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WIREs Syst Biol Med
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Drug repurposing and adverse event prediction using high‐throughput literature analysis

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Abstract Drug repurposing is the process of using existing drugs in indications other than the ones they were originally designed for. It is an area of significant recent activity due to the mounting costs of traditional drug development and scarcity of new chemical entities brought to the market by bio‐pharmaceutical companies. By selecting drugs that already satisfy basic toxicity, ADME and related criteria, drug repurposing promises to deliver significant value at reduced cost and in dramatically shorter time frames than is normally the case for the drug development process. The same process that results in drug repurposing can also be used for the prediction of adverse events of known or novel drugs. The analytics method is based on the description of the mechanism of action of a drug, which is then compared to the molecular mechanisms underlying all known adverse events. This review will focus on those approaches to drug repurposing and adverse event prediction that are based on the biomedical literature. Such approaches typically begin with an analysis of the literature and aim to reveal indirect relationships among seemingly unconnected biomedical entities such as genes, signaling pathways, physiological processes, and diseases. Networks of associations of these entities allow the uncovering of the molecular mechanisms underlying a disease, better understanding of the biological effects of a drug and the evaluation of its benefit/risk profile. In silico results can be tested in relevant cellular and animal models and, eventually, in clinical trials. WIREs Syst Biol Med 2011 3 323–334 DOI: 10.1002/wsbm.147 This article is categorized under: Analytical and Computational Methods > Computational Methods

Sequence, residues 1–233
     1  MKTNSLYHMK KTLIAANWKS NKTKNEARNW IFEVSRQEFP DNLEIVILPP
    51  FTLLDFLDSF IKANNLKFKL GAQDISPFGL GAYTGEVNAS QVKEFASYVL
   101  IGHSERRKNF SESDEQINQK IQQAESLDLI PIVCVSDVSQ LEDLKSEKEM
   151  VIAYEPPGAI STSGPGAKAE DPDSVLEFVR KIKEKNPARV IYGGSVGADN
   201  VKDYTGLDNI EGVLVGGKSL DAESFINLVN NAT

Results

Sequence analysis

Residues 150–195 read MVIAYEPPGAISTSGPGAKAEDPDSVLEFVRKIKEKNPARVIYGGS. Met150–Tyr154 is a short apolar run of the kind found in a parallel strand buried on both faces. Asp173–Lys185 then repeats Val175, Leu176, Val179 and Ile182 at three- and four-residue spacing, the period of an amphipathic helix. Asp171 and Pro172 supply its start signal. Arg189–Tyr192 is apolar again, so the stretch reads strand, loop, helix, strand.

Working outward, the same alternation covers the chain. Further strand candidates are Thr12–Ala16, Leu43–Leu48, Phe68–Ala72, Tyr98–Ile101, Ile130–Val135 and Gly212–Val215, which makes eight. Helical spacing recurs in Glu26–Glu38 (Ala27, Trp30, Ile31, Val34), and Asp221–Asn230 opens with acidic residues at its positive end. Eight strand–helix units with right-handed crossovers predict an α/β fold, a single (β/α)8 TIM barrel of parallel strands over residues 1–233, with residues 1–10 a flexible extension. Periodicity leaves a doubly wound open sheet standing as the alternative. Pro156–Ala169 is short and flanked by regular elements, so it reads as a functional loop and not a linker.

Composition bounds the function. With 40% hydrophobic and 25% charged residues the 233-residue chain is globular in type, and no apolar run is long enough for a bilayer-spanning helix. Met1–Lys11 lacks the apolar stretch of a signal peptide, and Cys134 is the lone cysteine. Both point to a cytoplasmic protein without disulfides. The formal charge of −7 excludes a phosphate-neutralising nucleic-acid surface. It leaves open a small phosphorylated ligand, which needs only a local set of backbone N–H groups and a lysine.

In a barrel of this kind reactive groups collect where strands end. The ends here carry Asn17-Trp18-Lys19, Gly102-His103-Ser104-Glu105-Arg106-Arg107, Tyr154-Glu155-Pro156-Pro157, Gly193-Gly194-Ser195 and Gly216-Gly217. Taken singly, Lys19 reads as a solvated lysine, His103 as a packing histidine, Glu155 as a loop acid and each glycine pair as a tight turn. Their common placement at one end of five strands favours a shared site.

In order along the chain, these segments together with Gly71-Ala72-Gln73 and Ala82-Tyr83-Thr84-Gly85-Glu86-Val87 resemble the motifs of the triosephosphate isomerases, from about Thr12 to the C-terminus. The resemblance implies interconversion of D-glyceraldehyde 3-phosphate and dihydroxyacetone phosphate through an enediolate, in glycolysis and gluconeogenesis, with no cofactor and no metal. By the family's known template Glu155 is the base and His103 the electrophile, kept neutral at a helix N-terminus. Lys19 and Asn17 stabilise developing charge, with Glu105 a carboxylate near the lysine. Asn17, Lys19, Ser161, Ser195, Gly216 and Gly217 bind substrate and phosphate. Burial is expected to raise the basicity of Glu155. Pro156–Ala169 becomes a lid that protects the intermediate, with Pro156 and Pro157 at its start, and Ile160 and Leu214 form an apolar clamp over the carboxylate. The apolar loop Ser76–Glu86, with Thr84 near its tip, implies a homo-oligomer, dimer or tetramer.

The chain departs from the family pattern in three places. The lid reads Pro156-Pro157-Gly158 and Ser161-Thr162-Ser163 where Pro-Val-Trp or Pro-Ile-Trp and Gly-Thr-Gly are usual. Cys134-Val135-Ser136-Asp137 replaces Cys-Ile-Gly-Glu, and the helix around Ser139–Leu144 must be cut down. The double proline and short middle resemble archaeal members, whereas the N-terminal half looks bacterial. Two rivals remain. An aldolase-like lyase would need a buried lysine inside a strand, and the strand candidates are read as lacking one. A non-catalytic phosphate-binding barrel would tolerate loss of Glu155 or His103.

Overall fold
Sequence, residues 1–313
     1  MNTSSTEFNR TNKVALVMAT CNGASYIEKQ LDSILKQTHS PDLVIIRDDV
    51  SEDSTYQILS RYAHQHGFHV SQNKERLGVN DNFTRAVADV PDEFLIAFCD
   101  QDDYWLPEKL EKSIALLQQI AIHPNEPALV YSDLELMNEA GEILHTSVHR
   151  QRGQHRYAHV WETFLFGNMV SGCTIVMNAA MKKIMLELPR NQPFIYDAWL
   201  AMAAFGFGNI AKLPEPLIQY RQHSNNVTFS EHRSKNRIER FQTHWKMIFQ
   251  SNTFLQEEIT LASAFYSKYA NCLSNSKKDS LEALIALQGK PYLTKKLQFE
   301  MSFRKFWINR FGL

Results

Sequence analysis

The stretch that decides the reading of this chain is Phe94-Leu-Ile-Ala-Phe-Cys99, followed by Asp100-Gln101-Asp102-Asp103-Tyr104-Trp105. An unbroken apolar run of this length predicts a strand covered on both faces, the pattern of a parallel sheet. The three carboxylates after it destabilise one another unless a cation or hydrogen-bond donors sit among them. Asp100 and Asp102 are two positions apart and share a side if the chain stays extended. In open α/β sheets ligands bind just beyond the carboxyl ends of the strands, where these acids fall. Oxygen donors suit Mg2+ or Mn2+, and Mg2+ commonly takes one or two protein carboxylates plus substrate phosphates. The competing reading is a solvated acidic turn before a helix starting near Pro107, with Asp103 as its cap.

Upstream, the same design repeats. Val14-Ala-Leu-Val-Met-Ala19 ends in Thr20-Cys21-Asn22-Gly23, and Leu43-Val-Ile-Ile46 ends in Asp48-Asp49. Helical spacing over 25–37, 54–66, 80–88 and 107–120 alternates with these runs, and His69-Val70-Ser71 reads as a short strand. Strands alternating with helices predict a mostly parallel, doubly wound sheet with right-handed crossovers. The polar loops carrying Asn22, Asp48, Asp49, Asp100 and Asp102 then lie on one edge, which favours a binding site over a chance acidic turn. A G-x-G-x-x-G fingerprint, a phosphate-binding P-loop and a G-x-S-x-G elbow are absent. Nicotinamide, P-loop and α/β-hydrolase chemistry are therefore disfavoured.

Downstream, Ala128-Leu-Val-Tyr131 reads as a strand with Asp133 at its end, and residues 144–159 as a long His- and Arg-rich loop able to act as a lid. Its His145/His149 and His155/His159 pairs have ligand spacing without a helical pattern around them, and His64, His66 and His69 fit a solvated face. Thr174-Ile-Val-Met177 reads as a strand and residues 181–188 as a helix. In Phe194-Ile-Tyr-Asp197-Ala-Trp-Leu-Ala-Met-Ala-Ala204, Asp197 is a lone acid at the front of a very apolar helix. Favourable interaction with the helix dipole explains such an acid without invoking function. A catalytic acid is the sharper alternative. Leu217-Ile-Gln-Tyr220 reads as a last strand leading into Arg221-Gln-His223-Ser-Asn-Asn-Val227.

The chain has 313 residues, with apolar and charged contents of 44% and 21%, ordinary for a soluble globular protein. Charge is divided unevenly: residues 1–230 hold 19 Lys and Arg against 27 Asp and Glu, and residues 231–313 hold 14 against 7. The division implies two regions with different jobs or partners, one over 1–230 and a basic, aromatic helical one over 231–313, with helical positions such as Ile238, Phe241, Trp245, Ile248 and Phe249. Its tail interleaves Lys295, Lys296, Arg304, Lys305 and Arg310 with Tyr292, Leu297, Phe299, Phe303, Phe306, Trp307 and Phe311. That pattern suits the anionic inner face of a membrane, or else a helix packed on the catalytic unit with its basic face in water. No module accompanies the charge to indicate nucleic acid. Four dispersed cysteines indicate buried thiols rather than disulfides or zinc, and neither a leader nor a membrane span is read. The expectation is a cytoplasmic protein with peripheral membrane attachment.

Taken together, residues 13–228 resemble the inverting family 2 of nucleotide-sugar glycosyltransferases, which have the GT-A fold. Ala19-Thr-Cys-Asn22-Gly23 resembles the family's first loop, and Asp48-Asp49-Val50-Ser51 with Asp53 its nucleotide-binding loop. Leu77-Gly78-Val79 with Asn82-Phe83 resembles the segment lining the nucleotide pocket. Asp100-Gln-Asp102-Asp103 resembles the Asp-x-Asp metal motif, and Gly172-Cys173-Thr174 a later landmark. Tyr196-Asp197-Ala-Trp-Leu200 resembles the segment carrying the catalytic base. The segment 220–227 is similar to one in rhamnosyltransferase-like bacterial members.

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(a) Concept A is related to concept B, as reported in one set of papers (indicated by the gray ellipse on the left), while B is related to C according to another set of papers (indicated by the purple ellipse on the right). Although A is not known to be directly related to C one can infer an indirect relation through B. As A and C are known beforehand, this is a closed discovery process. (b) Concept A is related to concept B, and through that to C, D, etc. Furthermore, A is related to F through E. In this open discovery process, the target concepts are not known beforehand, and their selection is part of the process output.

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Receiver operating characteristic curve (ROC) analysis of the overall performance of Clinical Outcome Search Space (COSS) in classifying drugs, according to their propensity to produce a predefined set of adverse drug reactions (ADRs). The area under the curve (AUC) value is 0.75 (95% CI 0.70–0.79).

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The Information Extraction and Ranking algorithms implemented in Biovista's Clinical Outcome Search Space (COSS) platform.

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